If archetypal structure is simply the result of imbedded existential behaviour, and man has never been perfect, how can a pattern of perfectibility be formed? Surely, we have a drive which pre-exists the birth of homo sapiens, which must lend itself to metaphysical speculation in order to comprehend the daemonic drive from the earliest times? Jung, quoting Hippolytus, draws the two elements together, "Thus, they say, the perfect race of men , made in the image [of the Father] and of the same substance, is drawn from the world by the Serpent, even as it was sent down by him".

The relationship of the Tree and the Serpent could also be symbolic for that of the psychologist and theologian/metaphysician [45]. To understand the hieros gamos of the two parts of the Self one requires the knowledge of both disciplines, and to progress matters further there cannot be a simple subsumption of one by the other. Rather, the Third Term is called for - in this case I name it Neojungianism.

Endnotes

[1] Quoted in Collected Works vol 9ii, par 72, footnote 19.

[2] For example, "More and more people then begin to look round for exotic ideas in the hope of finding a substitute, for example in India. This hope is delusory, for though the Indian symbols formulate the unconscious just a well as the Christian ones do, they each exemplify their own spiritual past." [Collected Works vol 9ii, par 271]; "The historical development of our Western mentality cannot be compared in any way with the Indian. Anyone who believes that he can simply take over Eastern forms of thought is uprooting himself, for they do not express our Western past, but remain bloodless intellectual concepts that strike no chord in our inmost being. We are rooted in Christian soil. This foundation does not go very deep, certainly, as we have seen, it has proved alarmingly thin in places, so that the original paganism, in altered guise, was able to regain possession of a large part of Europe and impose on it its characteristic pattern of slavery." [ibid. par 273]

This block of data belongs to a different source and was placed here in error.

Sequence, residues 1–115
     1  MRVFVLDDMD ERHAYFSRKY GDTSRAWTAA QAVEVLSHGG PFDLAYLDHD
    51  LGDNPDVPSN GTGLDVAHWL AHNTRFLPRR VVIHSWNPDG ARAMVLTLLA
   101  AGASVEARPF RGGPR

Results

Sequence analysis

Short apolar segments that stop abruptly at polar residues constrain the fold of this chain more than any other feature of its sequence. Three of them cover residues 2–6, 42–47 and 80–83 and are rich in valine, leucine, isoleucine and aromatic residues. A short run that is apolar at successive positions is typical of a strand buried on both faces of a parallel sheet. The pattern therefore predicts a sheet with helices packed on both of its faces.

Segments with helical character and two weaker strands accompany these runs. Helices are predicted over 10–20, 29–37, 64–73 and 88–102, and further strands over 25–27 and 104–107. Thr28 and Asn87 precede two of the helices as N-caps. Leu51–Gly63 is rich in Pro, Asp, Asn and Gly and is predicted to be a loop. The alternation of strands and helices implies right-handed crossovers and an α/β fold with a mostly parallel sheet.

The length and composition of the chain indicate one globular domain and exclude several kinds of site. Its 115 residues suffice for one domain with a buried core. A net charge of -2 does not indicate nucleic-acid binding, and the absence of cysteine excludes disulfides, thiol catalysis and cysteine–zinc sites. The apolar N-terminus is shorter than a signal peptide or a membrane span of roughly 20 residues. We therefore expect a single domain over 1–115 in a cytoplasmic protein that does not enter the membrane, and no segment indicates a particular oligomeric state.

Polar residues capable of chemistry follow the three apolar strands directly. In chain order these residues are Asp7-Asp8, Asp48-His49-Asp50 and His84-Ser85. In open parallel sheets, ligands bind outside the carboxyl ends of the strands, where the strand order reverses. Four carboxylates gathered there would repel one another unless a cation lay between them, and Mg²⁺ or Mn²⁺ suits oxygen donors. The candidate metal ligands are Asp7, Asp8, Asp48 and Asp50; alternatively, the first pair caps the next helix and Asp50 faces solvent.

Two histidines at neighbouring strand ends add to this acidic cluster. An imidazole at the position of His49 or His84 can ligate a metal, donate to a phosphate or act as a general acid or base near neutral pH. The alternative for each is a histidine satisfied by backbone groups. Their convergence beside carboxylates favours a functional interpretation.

[3] On the biological level although we can talk about, say, the eye as phylogenetic everyone inherits certain coloration and distinctive shape. In discussing biological makeup we must take into account both the common structure of the body and the individual racial and familial mutations and adaptations. Applied to the psyche the inference is that we must be dualy aware of its unchanging nature, on the one hand, and (as Kafka was want to say) on the other hand its development within that common structure.

[4] see Analytical Psychology - Its Theory and Practice, page 51, Jung C G, Routledge & Kegan Paul, London, 1968.

[5] pxliv, W Y Evans-Wentz, editor, Oxford University Press, 1960 (3rd edit. 1957).

[6] Multiple Man, p366, A Crabtree, Grafton Books, London, 1988.